With Swift in the open, we can see what is coming for the language. Better built-in support for asynchronous programming is not one of them, yet. Thomas explains how Futures can help you write better asynchronous code now and what Futures could look like if they would be added to the language.

Now Swift is Open Source, we are able to look further in the future of Swift than ever before. This allows us to see what's coming, the cool things that will allow us to write better code, in Swift 3 and beyond, but also what won’t be coming any time soon. Improvements in support for asynchronous programming is an example of the latter. It is out of scope for Swift 3.

Asynchronous programming is a topic I care about a lot. Enough so that I've written my own implementation of Futures for Swift: BrightFutures. Futures provide a powerful alternative to the completionHandler-based APIs we all know. By leveraging the flexibility of Swift, we can make them feel right at home in the language, but built-in support - we can (and will) only speculate about what that will look like - trumps all.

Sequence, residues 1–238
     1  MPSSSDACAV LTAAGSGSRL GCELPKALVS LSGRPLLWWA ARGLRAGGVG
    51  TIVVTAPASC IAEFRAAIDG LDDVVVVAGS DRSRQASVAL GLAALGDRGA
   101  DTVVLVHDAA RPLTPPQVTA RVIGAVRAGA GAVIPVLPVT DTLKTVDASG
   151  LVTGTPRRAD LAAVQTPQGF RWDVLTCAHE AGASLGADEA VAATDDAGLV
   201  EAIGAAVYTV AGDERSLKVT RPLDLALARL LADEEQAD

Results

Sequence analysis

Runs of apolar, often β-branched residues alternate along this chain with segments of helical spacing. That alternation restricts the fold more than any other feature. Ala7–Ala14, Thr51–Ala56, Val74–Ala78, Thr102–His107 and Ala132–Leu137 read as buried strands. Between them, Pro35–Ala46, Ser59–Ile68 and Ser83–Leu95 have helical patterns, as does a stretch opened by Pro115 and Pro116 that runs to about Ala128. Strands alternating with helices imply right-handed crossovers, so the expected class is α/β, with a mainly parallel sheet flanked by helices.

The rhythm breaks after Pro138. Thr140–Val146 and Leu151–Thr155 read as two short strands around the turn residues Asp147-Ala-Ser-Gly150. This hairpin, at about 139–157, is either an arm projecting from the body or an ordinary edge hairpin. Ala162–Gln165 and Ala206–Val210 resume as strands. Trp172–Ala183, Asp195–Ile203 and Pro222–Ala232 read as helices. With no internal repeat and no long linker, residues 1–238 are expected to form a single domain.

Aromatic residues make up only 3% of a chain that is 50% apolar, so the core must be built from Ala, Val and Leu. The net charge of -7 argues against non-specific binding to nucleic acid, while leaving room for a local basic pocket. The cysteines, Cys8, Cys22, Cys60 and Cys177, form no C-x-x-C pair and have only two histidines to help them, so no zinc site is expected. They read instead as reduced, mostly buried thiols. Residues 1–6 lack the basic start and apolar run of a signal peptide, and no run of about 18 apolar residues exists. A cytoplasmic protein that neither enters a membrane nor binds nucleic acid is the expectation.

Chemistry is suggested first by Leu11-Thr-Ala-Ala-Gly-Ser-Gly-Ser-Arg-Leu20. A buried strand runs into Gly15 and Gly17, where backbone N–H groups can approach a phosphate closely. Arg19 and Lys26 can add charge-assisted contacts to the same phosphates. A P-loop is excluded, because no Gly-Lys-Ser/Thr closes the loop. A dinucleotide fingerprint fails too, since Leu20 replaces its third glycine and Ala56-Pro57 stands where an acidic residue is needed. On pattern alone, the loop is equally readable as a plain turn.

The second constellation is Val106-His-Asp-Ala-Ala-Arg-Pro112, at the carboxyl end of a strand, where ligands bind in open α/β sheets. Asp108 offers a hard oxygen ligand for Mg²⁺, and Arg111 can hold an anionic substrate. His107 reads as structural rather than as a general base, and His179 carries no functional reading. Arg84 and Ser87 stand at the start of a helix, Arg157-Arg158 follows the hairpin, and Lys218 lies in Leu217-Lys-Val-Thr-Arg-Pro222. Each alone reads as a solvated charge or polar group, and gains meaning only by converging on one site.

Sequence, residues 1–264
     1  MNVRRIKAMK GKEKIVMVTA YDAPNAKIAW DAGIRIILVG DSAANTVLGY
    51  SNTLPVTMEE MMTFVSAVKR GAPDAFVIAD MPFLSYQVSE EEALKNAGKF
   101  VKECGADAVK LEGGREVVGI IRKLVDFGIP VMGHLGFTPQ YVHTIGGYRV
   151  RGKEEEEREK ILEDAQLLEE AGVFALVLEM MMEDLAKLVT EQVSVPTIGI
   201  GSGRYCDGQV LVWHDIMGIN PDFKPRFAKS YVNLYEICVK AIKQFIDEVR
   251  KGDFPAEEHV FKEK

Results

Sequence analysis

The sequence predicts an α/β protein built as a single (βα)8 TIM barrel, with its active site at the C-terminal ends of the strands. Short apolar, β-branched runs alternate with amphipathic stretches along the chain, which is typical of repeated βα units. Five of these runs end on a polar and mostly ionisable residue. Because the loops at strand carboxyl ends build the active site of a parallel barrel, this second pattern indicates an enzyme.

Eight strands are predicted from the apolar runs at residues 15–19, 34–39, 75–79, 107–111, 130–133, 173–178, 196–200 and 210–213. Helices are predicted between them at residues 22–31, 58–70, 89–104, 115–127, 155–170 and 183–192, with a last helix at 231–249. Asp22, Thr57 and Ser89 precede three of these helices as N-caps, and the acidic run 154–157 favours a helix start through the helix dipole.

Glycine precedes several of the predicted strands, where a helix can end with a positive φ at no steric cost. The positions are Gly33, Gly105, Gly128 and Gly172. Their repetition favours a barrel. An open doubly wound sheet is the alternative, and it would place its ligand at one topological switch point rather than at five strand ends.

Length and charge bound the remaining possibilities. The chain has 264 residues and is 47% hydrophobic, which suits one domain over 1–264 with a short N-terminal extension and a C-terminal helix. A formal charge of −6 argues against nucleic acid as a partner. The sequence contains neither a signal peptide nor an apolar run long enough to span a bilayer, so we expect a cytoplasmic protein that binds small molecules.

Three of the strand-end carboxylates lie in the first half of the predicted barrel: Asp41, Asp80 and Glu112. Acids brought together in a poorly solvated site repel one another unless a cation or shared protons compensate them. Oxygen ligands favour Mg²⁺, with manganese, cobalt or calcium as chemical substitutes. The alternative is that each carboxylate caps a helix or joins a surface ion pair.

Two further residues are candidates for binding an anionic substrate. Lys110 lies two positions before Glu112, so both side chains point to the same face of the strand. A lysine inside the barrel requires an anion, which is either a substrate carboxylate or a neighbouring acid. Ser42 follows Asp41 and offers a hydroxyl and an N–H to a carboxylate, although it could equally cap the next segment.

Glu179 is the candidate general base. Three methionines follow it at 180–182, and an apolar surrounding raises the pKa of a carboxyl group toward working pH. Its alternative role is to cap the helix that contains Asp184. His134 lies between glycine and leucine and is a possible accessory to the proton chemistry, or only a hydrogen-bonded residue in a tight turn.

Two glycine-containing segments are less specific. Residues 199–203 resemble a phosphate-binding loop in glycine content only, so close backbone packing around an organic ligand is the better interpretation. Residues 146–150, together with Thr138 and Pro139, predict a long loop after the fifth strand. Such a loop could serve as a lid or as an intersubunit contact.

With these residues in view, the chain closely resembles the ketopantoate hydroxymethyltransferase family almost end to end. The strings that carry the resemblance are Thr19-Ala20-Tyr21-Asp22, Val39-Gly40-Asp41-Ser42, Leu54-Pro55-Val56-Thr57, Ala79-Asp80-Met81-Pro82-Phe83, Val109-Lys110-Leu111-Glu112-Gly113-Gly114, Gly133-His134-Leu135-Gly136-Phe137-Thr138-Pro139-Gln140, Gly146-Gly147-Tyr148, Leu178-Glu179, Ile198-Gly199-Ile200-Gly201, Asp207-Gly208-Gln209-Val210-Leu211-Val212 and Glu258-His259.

Within the documents that became public when Swift was Open Sourced we can find a proposal showing what it would take to add something like Futures to the language. That is the first step towards a future version of Swift with improved asynchronous programming capabilities. Until then, a third-party Future library will do.

Further reading:


About the speaker

Thomas Visser
Thomas Visser
Creator of BrightFutures & iOS lead at Highstreet

About the conference

dotSwift 2016
The first Swift conference worldwide

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